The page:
1.  To prisoners who have previously been recommended for commutation of sentence to the Governor on the same cause (case number) that they are currently applying.

For anyone who applies who has previously been recommended to the Governor on the same case/cause number, the applicant will not have to be heard at Phase I -- their case will automatically move to a personal (telephonic) hearing at Phase II, and the person's application will be scheduled for a hearing as soon as practical within the Board's schedule (the applicant will not have to join the backlog list).  Note:  These applicants will still have to wait a period of two (2) years from the date of denial to the date that a new/subsequent application can be filed.   For all other applicants, there will be an approximate 18 month to two-year delay between the time they file their application (after attaining eligibility to do so) and the time their Phase I hearing is scheduled.  Again, the above information applies ONLY to those who have previously been recommended to the Governor (but denied) and who are applying for commutation of the same sentence that was previously denied by the Governor.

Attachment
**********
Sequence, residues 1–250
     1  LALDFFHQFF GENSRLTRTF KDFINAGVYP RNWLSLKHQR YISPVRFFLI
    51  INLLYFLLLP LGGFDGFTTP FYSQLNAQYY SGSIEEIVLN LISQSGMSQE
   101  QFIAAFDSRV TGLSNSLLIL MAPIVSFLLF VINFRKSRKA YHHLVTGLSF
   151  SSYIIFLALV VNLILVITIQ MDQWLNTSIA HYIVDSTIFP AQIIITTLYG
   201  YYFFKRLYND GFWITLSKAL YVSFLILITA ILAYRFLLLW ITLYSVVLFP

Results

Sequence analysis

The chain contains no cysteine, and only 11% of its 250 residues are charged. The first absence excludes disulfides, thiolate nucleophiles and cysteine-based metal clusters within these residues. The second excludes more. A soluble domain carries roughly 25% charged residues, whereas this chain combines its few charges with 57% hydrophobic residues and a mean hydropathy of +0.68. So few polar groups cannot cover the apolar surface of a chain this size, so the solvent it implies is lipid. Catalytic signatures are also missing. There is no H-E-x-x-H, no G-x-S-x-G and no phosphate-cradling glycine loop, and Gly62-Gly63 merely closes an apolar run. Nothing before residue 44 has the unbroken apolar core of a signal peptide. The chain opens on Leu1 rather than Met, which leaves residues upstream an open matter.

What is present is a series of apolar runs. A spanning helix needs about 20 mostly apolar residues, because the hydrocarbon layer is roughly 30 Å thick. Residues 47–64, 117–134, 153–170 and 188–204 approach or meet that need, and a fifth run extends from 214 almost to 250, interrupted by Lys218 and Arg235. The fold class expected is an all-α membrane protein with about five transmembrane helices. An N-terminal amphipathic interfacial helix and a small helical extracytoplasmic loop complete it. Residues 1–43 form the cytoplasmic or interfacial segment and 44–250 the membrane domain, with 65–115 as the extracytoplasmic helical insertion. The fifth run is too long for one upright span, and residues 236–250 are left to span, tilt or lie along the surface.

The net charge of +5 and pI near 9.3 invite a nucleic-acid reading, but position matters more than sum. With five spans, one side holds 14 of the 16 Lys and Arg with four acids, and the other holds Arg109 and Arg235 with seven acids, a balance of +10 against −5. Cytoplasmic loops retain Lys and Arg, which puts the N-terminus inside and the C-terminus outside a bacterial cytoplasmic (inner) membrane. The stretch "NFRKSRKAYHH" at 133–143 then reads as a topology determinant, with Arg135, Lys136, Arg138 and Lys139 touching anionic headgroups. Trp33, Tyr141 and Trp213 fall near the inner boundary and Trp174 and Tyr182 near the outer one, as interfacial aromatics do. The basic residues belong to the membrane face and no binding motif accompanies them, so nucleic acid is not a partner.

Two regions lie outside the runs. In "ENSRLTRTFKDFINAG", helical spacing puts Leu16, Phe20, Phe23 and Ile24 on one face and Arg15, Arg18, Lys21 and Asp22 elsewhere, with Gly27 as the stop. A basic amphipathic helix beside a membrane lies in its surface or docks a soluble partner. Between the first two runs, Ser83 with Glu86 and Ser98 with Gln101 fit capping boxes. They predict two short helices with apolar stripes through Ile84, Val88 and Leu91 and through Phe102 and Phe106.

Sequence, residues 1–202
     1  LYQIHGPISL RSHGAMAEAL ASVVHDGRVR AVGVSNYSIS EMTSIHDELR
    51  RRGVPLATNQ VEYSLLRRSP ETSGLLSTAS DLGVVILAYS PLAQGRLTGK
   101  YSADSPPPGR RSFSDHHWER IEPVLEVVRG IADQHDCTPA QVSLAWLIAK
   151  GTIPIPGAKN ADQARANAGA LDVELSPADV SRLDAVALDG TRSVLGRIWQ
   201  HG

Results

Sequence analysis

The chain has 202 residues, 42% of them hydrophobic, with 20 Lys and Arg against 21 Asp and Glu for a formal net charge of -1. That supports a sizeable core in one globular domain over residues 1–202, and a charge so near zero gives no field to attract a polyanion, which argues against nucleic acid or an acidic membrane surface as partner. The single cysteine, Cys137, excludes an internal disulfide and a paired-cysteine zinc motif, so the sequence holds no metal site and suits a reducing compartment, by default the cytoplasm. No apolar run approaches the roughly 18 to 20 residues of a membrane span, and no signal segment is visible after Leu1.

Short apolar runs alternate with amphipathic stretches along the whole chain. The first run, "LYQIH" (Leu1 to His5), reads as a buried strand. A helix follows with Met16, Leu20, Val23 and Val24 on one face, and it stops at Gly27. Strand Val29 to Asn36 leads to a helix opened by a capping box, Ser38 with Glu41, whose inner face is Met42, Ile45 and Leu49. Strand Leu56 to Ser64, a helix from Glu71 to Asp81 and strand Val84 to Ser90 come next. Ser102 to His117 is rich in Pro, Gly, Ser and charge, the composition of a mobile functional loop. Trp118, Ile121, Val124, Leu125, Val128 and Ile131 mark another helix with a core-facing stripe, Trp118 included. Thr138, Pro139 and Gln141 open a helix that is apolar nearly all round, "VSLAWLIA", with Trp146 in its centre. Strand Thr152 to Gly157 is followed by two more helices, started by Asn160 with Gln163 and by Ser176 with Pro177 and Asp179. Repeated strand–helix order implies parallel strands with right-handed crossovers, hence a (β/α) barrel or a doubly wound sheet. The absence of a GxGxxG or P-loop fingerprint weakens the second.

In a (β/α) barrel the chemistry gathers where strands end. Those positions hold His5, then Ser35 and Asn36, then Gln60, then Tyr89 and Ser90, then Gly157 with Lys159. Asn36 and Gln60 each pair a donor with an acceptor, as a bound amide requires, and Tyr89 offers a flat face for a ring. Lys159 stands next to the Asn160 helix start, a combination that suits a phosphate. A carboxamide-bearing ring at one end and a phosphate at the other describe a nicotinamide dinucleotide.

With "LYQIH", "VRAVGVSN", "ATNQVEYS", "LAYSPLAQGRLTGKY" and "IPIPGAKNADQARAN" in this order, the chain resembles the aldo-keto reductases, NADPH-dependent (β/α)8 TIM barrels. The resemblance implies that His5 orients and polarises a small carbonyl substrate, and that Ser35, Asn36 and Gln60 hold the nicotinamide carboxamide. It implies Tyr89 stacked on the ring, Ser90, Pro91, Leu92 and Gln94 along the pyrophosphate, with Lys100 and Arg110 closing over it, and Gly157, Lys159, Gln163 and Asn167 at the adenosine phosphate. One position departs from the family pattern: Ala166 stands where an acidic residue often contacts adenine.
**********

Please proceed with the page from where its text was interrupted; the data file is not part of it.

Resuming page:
Current Board Members (As of  April 2014)

Brian Livingston* (term expires 1/16/17)   Chairman/Executive Director

Rev. Wright, replaces Jack LaSota term expired 1/20/14, but who will remain on board until Rev. Wright is confirmed by the Senate; probably by May 1, 2014)

Ellen Kirshbaum (term expires 1/19/15)

Donna Harris (formerly, Knutson)

Laura Steele, begins on 3/2/14

 *  The following information is known about the newest Board members:

Brian Livingston:   Executive Director, Arizona Police Assn; is a retired City of Police officer; served in United States Air Force; has worked with victim's groups; graduated from Indiana Law Enforcement Academy in 1981; the Phoenix Regional Police Academy in 1987; has been recipient of Medals of lifesaving; merit, police shield and Elks Lodge Officer of the Year awards.